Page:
Template-free electrosynthesis of gold nanoparticles of controlled size dispersion for the determination of lead at ultratrace levels†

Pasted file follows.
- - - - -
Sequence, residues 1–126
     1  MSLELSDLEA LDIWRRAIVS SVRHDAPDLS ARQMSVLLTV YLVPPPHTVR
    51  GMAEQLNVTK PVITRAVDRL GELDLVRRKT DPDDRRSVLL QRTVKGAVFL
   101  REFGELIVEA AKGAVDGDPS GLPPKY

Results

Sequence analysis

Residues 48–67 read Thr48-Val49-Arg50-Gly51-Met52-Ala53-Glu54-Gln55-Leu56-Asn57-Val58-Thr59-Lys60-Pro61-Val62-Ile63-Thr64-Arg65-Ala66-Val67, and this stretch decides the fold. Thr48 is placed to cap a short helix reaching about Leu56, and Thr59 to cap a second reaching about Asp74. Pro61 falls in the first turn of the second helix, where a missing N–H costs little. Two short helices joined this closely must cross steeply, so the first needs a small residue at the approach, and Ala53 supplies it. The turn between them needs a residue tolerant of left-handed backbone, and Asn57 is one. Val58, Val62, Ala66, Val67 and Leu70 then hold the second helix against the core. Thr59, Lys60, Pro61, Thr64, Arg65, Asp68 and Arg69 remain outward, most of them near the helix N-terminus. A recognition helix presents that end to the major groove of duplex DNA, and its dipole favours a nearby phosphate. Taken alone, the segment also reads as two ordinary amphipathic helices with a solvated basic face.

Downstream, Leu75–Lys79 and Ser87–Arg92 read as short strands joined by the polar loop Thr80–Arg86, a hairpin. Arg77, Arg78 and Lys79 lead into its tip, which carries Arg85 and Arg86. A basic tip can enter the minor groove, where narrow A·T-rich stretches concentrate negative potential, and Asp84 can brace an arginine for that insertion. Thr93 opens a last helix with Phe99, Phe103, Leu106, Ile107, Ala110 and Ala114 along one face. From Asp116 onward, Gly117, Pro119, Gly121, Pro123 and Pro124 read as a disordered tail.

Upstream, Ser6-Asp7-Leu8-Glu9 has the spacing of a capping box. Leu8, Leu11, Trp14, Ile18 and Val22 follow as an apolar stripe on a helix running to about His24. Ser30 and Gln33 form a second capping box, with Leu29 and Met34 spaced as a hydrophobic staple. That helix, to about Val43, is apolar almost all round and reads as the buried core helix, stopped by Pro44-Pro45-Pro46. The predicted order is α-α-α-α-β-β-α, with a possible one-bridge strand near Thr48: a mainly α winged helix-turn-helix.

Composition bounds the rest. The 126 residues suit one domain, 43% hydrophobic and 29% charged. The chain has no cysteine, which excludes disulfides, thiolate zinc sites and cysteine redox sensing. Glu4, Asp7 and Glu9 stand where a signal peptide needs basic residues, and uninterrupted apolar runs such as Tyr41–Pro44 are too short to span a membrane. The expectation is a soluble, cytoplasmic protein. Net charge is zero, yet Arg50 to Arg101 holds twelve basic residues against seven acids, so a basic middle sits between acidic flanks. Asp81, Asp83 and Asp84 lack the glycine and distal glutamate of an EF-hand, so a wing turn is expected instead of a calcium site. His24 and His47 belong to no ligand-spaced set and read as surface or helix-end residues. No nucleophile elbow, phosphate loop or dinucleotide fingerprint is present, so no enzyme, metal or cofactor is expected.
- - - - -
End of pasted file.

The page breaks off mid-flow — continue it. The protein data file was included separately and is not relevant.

A methodology is presented for the template free electrosynthesis of gold nanoparticles (AuNPs) on a glassy carbon (GC) electrode with controlled particle size dispersion. The mechanism of electrocrystallization at the initial stage was investigated by cyclic voltammetry, chronoamperomentry, chronopotentiometry and in situ spectroelectrochemistry. Two strategies viz. multiple potentiostatic pulse (MPP) and multiple galvanostatic pulse (MGP) were adopted for electrochemically synthesizing the AuNPs. In the MPP strategy, the tapped hemispherical gold nanoparticles (AuNPs(P)/GC) of average diameter of 250–300 nm and average height of 10–15 nm were deposited on a GC electrode covering about 61% of the effective surface area of the electrode. In the MGP strategy, the tapped hemispherical gold nanoparticles (AuNPs(G)/GC) of average diameter of 350–400 nm and average height of 25–30 nm were deposited on a GC electrode covering about 18% of the effective surface area of the electrode. Excellent control of the particle size dispersion was achieved in both the routes of synthesis. The AuNPs, as synthesized, showed excellent electrocatalytic activity despite the absence of any surface stabilizing agent. The synthesized AuNPs showed excellent sensitivity to the determination of Pb(II) by square wave anodic stripping voltammetry (SWASV) by virtue of the underpotential deposition of lead on the gold surface. The limits of detection (LOD) of Pb(II) obtained with a bare GC, bare Au, AuNPs(G)/GC and AuNPs(P)/GC electrodes were calculated as 1.22 μg L−1 (5.86 nM), 122 ng L−1 (587 pM), 86.4 ng L−1 (416 pM) and 57 ng L−1 (274 pM), respectively, at S/N = 3. The analytical response of the AuNPs(P)/GC electrode was found to be the best among the four electrodes. The stability, repeatability, reproducibility and accuracy of the analytical response were found to be satisfactory for the analytical purposes. Bi(III), Cd(II) and Tl(I) showed major interferences with the analytical signal of Pb(II). The concentrations of Pb(II) in the laboratory tap, lake and river water were found to be 1.7 (±2.3%) μg L−1, 3.2 (±1.1%) μg L−1 and 8.4 (±3.9%) μg L−1, respectively using the AuNPs(P)/GC electrode. The results showed a good agreement with the ICP-MS data for the same samples. The studies showed that the concentration of Pb(II) in laboratory tap water, lake water from the Raja Ramanna Centre for Advanced Technology at Indore and water from near the Aassi ghat of the Ganges River in Varanasi, India were below the threshold limit of 10 μg L−1 as per the provisional guidelines set by WHO in 2011.